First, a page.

On Monday, I shared a question from a job seeker who is trying to change fields, but is running into predictable problems, including the fact that she appears overqualified for her targeted jobs. I shared ideas about how to expand her network using social media to become a subject matter expert and possibly connect with someone who can help. Today, a few more ideas that don’t involve social media. Here is the question again:
My career background is as an analyst…My previous employers have been smaller firms, under 50 employees.Â Social media isn’t used very much by advisory firms that I’ve targeted as a good fit.Â Much of that is due to FINRA compliance constraints that keep them from engaging clients online.Â I’m still tweeting, but relying more on networking in-person and making connections on LinkedIn where employees of these firms and their connections are likely to be.
The biggest challenge I’m having on the job search is that analytical roles in the personal (retail) side of the financial services industry have been slow to pick up. There are new demands for sales producers, operations and administrative staff, but very few new opportunities for analysts.Â The institutional side of finance has also picked up, more so than the retail side.Â It’s difficult to convince employers that skills can be transferable from retail to institutional, or from smaller firms to larger firms.
Some of the recent jobs I’ve interviewed for have been at a lower level of experience than I have, and the firms decided I was overqualified.Â I would like to broaden the scope of the jobs that I’m looking at, because I think that my advanced skills.. could be applicable in many areas of corporate finance and planning. How can I best market my skills to other industries…so that employers will recognize the skills as transferable and qualified?
First thing: STOP applying for jobs that are beneath your qualifications. Look at comparable jobs that need your transferable skills instead. If you want to rely on transferable skills to land a job, the onus is on you to prove that you have what it takes.
- Study the job descriptions. Break them down by skills and accomplishments. Use a highlighter to mark the parts of the job that you know you can do. Look at each skill and then prove your successes on your application materials, including your resume and online profiles. Keywords from job descriptions may be your best and easiest source of information.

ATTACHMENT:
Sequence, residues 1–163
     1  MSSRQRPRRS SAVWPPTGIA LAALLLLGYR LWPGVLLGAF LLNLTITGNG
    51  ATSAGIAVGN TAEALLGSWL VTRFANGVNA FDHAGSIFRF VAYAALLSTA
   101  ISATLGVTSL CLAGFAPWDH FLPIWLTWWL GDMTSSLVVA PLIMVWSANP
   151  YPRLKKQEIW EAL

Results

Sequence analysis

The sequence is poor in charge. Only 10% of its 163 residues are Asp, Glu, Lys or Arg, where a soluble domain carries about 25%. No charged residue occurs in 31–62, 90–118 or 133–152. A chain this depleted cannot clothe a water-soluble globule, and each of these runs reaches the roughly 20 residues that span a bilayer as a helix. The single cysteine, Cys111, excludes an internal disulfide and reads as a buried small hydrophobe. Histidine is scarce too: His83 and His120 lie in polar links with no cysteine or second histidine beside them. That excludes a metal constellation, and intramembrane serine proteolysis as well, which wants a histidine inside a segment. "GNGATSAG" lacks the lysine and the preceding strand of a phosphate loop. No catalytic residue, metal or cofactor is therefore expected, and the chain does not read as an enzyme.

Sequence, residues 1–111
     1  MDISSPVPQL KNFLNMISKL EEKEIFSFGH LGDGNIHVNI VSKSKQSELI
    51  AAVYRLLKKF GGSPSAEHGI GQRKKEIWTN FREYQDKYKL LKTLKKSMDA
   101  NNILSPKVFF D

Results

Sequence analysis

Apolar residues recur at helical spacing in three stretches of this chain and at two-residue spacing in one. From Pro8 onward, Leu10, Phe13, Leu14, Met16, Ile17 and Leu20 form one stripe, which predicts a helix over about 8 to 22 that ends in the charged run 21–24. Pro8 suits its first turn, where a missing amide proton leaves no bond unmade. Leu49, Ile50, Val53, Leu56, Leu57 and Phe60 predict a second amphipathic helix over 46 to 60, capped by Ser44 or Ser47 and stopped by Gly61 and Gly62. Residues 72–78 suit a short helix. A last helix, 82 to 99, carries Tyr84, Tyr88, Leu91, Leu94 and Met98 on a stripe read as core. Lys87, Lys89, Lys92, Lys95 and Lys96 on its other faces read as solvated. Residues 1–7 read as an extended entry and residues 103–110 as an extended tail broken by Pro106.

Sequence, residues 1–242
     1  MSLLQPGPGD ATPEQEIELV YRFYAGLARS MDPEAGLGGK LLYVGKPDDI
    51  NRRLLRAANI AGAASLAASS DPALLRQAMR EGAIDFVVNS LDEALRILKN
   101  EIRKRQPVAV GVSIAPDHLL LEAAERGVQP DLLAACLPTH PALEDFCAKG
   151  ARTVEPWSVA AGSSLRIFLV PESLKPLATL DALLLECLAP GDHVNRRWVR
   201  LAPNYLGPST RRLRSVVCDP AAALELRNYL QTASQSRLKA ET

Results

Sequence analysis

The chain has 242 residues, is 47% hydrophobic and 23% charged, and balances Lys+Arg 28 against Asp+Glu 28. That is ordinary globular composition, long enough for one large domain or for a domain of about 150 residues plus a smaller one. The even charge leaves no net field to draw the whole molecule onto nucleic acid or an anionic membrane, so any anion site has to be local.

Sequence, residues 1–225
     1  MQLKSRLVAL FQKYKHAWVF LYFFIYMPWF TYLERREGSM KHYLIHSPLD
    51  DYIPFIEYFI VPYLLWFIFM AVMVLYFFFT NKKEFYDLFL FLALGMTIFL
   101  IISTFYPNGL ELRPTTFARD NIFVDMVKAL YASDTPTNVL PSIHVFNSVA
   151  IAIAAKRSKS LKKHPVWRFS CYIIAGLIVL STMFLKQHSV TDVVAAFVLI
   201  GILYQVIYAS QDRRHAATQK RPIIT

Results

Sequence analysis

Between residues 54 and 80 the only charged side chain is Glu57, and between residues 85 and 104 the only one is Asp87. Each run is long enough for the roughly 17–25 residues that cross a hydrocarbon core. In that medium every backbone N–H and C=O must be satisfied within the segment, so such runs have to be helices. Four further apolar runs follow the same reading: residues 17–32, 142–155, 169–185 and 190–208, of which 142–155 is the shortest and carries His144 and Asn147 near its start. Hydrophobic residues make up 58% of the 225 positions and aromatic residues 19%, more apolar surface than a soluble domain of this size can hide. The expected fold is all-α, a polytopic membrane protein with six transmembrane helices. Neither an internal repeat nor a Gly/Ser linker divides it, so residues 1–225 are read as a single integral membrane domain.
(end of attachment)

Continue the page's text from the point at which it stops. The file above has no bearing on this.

- Use LinkedIn to research information about people in your targeted job titles. Read their summary and skill sections. If these are filled out, you should be able to garner a lot of skills and keywords relevant to people who are successful in the jobs you want. Incorporate those keywords into your resume and online profiles.
- Don’t include information in your application materials that the employer does not need to know or may distract him or her. In other words, everything on your resume must be relevant to the targeted job. Describe your background using words and phrases relevant to the desired employer — eliminate anything that will encourage the reader to say, “Oh, she wants to do XYZ,” when XYZ is not what they want. Make a point to describe the experience you have as relevant to what the employer wants. This is key.
- Talk to people. Informational meetings are key to job seekers who are bridging industries or types of jobs. Ask questions about necessary skills. Mention the issues you have been encountering and make a clear pitch for why you know you can do the job. Focus on the organization’s needs – not your own. This isn’t about “I need a job.” It’s “I am skilled and experienced, and my background enhances my ability to do this job well.” You need to know how you solve the problems that the organization needs solved. Convince some people along the way by making a clear, solid case. Your goal is to connect with people willing to go to bat for you.
- While it is controversial, consider offering to do some consulting or problem solving for a highly desired organization for a reduced fee or for free. Before you do this, make sure you understand exactly the parameters of what you will be allowed/expected to accomplish and how much leeway you will have, as well as what access to people you need to meet. Only do this if you are pretty sure it will be a win-win. It could be a way to prove your expertise and land an opportunity.
photo by Anirudh Koul